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Title: Time-Dependent Consolidation in Porous Geomaterials at In Situ Conditions of Temperature and Pressure

Analysis of quartz sandstones shows that grain-scale crushing (fracture and rearrangement) and associated sealing of fractures contribute significantly to consolidation. The crushing strength (P*) for granular material is defined by laboratory experiments conducted at strain rates of 10 -4 to 10 -5 s -1 and room temperature. Based on experiments, many sandstones would require burial depths in excess of the actual maximum burial depth to create observed microstructure and density. In this paper, we use experiments and soil mechanics principles to determine rate laws for brittle consolidation of fine-grained quartz sand to better estimate in situ failure conditions of porous geomaterials. Experiments were conducted on St. Peter sand utilizing different isostatic consolidation and creep load paths at temperatures to 200 °C and at strain rates of 10 -4 to 10 -10 s -1. Experiment results are consistent with observed rate dependence of consolidation in soils, and P* for sand can be identified by the change in the dependence of consolidation rate with stress, allowing the extrapolation of P* determined in the laboratory to geologic rates and temperatures. Additionally, normalized P* values can be described by a polynomial function to quantify temperature, stress, and strain-rate relationships for the consolidation of porousmore » geomaterials by subcritical cracking. At geologic loading rates, P* for fine-grained quartz sand is achieved within ~3-km burial depth, and thus, shear-enhanced compaction under nonisostatic stress can occur at even shallower depths. Finally, these results demonstrate that time and temperature effects must be considered for predicting the brittle consolidation of sediments in depositional basins, petroleum reservoirs, and engineering applications.« less
Authors:
ORCiD logo [1] ; ORCiD logo [2]
  1. Texas A & M Univ., College Station, TX (United States). Center for Tectonophysics. Dept. of Geology and Geophysics; Sandia National Lab. (SNL-NM), Albuquerque, NM (United States)
  2. Texas A & M Univ., College Station, TX (United States). Center for Tectonophysics. Dept. of Geology and Geophysics
Publication Date:
Report Number(s):
SAND2018-9751J
Journal ID: ISSN 2169-9313; 667631
Grant/Contract Number:
NA0003525; SC0001114
Type:
Accepted Manuscript
Journal Name:
Journal of Geophysical Research. Solid Earth
Additional Journal Information:
Journal Volume: 123; Journal Issue: 8; Journal ID: ISSN 2169-9313
Publisher:
American Geophysical Union
Research Org:
Sandia National Lab. (SNL-NM), Albuquerque, NM (United States); Texas A & M Univ., College Station, TX (United States)
Sponsoring Org:
USDOE Office of Science (SC), Basic Energy Sciences (BES) (SC-22); USDOE National Nuclear Security Administration (NNSA)
Country of Publication:
United States
Language:
English
Subject:
58 GEOSCIENCES; geomechanics; soil mechanics; sand deformation
OSTI Identifier:
1472260
Alternate Identifier(s):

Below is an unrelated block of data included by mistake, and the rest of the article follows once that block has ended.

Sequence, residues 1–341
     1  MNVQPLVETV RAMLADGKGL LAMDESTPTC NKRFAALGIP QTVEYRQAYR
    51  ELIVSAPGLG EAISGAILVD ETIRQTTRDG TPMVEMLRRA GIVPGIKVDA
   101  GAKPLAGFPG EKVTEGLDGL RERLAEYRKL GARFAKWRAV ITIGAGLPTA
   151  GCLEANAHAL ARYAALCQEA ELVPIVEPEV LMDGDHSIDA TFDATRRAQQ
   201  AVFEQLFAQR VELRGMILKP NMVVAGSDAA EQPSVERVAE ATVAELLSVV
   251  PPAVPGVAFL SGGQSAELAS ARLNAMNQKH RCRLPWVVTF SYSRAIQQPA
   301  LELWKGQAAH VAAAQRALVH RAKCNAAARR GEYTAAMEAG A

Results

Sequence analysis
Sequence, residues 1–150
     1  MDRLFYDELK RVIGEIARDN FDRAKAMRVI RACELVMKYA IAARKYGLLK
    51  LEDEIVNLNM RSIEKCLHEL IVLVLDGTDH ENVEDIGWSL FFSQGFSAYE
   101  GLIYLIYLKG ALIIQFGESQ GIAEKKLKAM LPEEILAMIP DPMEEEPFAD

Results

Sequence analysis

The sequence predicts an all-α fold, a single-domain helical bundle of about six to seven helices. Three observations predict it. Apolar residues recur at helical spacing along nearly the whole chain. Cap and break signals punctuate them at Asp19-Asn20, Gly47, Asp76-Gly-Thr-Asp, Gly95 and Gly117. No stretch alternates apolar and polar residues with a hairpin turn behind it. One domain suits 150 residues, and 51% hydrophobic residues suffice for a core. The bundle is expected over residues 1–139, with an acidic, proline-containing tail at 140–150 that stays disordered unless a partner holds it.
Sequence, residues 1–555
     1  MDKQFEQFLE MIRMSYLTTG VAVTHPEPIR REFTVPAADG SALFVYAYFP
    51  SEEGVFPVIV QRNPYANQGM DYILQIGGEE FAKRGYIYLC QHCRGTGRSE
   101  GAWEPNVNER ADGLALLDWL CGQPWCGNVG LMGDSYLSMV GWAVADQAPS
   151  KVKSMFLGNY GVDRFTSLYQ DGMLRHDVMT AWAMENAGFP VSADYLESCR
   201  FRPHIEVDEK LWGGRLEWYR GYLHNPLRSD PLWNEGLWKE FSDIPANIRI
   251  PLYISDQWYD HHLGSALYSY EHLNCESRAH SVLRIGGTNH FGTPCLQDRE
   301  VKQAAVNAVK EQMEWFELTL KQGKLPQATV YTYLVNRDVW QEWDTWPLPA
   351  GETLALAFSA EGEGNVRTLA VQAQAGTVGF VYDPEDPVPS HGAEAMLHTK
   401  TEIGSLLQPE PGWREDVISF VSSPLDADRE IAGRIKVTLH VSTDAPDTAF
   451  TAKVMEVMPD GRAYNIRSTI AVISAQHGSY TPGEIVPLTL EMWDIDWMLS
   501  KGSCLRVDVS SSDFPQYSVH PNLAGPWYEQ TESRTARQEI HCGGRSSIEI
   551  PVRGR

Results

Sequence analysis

OSTI ID: 1464865

Choens, R. C., and Chester, F. M.. Time-Dependent Consolidation in Porous Geomaterials at In Situ Conditions of Temperature and Pressure. United States: N. p., Web. doi:10.1029/2017JB015097.
Choens, R. C., & Chester, F. M.. Time-Dependent Consolidation in Porous Geomaterials at In Situ Conditions of Temperature and Pressure. United States. doi:10.1029/2017JB015097.
Choens, R. C., and Chester, F. M.. 2018. "Time-Dependent Consolidation in Porous Geomaterials at In Situ Conditions of Temperature and Pressure". United States. doi:10.1029/2017JB015097.
@article{osti_1472260,
title = {Time-Dependent Consolidation in Porous Geomaterials at In Situ Conditions of Temperature and Pressure},
author = {Choens, R. C. and Chester, F. M.},
abstractNote = {Analysis of quartz sandstones shows that grain-scale crushing (fracture and rearrangement) and associated sealing of fractures contribute significantly to consolidation. The crushing strength (P*) for granular material is defined by laboratory experiments conducted at strain rates of 10-4 to 10-5 s-1 and room temperature. Based on experiments, many sandstones would require burial depths in excess of the actual maximum burial depth to create observed microstructure and density. In this paper, we use experiments and soil mechanics principles to determine rate laws for brittle consolidation of fine-grained quartz sand to better estimate in situ failure conditions of porous geomaterials. Experiments were conducted on St. Peter sand utilizing different isostatic consolidation and creep load paths at temperatures to 200 °C and at strain rates of 10-4 to 10-10 s-1. Experiment results are consistent with observed rate dependence of consolidation in soils, and P* for sand can be identified by the change in the dependence of consolidation rate with stress, allowing the extrapolation of P* determined in the laboratory to geologic rates and temperatures. Additionally, normalized P* values can be described by a polynomial function to quantify temperature, stress, and strain-rate relationships for the consolidation of porous geomaterials by subcritical cracking. At geologic loading rates, P* for fine-grained quartz sand is achieved within ~3-km burial depth, and thus, shear-enhanced compaction under nonisostatic stress can occur at even shallower depths. Finally, these results demonstrate that time and temperature effects must be considered for predicting the brittle consolidation of sediments in depositional basins, petroleum reservoirs, and engineering applications.},
doi = {10.1029/2017JB015097},
journal = {Journal of Geophysical Research. Solid Earth},
number = 8,
volume = 123,
place = {United States},
year = {2018},
month = {7}
}

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